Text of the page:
When trading options, holding positions with too much gamma – positive or negative – can be dangerous. It's necessary to avoid getting hurt by the two most destructive emotions for traders: fear and greed.
On Monday, Jun 28, 2010 the markets fell hard. That 1040 SPX price level – that many believe is a vital support area – was tested. Option prices rose sharply as is seen in the performance of VIX and RVX.
Tuesday (as I write this) the markets are slightly higher and option prices are once more coming down to earth. I had better rephrase that. Option prices and implied volatility are decreasing, giving up a significant portion of yesterday's gains. In my opinion, prices are still high. ADDENDUM: By the end of the day, the markets closed lower. SPX broke down by trading below 1030.
When IV moves sharply higher, the trader who is not vega neutral, and that includes most of us, must demonstrate the ability to handle and manage risk. If you are a clear thinker and make good trading decisions, your portfolio is probably in good shape. The same can be said for most traders who prepared a trading plan in advance. That plan is designed to save any trader (and especially the inexperienced) from panicking in a stressful situation.
Positive gamma and vega
As the markets get more volatile, and especially as markets decline, traders who own positive gamma and positive vega are well positioned to profit. Nevertheless, that trader cannot afford to idly watch the markets as the days pass and theta takes its toll.
Positive gamma is a delight in that it allows the trader to pick the time and place for making an adjustment. This adjustment locks in profits and can include the sale of some options to reduce both gamma and vega, or it can be made in the form of shares of the underlying (stock or futures contracts). It's tempting to hold the position, but a minor reversal, such as seen Tuesday morning threatens much of the profits. Greed makes the trader hold out for larger gains. Fear makes the trader panic and sell (what is probably) an inappropriate portion of the position.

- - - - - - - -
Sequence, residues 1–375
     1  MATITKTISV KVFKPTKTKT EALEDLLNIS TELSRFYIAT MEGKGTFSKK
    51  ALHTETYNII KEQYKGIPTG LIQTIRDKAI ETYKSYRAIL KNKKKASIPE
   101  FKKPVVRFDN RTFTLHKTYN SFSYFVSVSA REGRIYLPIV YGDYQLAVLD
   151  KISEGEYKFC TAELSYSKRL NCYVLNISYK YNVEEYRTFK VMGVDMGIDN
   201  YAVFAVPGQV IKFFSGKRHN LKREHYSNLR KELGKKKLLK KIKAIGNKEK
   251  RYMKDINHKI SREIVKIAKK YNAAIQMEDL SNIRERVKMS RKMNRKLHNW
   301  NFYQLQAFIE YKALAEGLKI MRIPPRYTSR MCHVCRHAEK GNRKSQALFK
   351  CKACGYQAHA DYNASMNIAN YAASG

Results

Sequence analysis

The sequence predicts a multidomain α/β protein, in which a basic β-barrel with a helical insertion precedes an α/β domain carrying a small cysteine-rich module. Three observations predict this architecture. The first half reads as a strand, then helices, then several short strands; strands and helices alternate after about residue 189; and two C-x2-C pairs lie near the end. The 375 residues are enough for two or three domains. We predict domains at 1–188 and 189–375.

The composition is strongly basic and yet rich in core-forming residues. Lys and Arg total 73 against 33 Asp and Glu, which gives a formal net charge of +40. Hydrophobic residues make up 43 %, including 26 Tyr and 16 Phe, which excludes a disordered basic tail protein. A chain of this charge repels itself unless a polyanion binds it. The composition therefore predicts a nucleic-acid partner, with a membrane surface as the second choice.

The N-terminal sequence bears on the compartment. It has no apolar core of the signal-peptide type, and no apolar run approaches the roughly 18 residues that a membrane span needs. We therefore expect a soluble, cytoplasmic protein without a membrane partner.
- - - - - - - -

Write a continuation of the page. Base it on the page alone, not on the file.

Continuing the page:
However, a well-thought out plan, or sound risk management, allows the trader to reduce risk by moving closer to neutral in gamma, vega, and delta. Ignoring greed, the successful trader adjusts the position – retaining some vega and gamma.
Negative gamma and vega
Iron condor traders seldom find themselves in the positive gamma/vega boat. The only exception occurs when extra options are owned as insurance, and these extra options are in play (not too far away from being ATM).
Thus, they (we) may be floundering when the positive gamma group is sailing along smoothly in those choppy waters.
If your positions have too much negative gamma, if your short options are not too far OTM, then it's time (or past time for many conservative traders) to adjust the position. Panicking in a sudden meltdown is unlike to produce good results. However, ignoring problems, hoping they will disappear, represents a different type of panic decision – being too afraid to act.
If you have a trade plan in place, it's probably right to take the action as prescribed in the plan. Lacking a plan, it's not too late to create one now. If you are capable of making sound decisions as losses mount, then good for you. Take advantage of that skill by taking sound steps to protect your assets. Be aware of potential loss, your pain threshold and comfort zone boundaries.
If you lock in a loss and the market reverses, so be it. Your goal is to pay attention to rule #1: Don't go broke.
If you are not yet in trouble on this decline, you have the luxury to plan ahead. I'm planning to sell extra vega by doing a ratio roll down* for some RUT Aug and/or September put spreads.
* Close current short put spread and sell a larger quantity – perhaps 3 for every 2 bought – of farther OTM put spreads. I prefer to move the strike of the short option by at least 3 strikes. Collect a small cash credit for the trade. I only do this when my portfolio is not already at its maximum size. Make no mistake about this trade: it does increase ultimate risk. it looks good because the probability of the large loss is reduced.
Example buy two 560/550 put spreads and sell three 500/510 (or perhaps 510/520) put spreads.
Lessons of a Lifetime: My 33 Years as an Option Trader; $10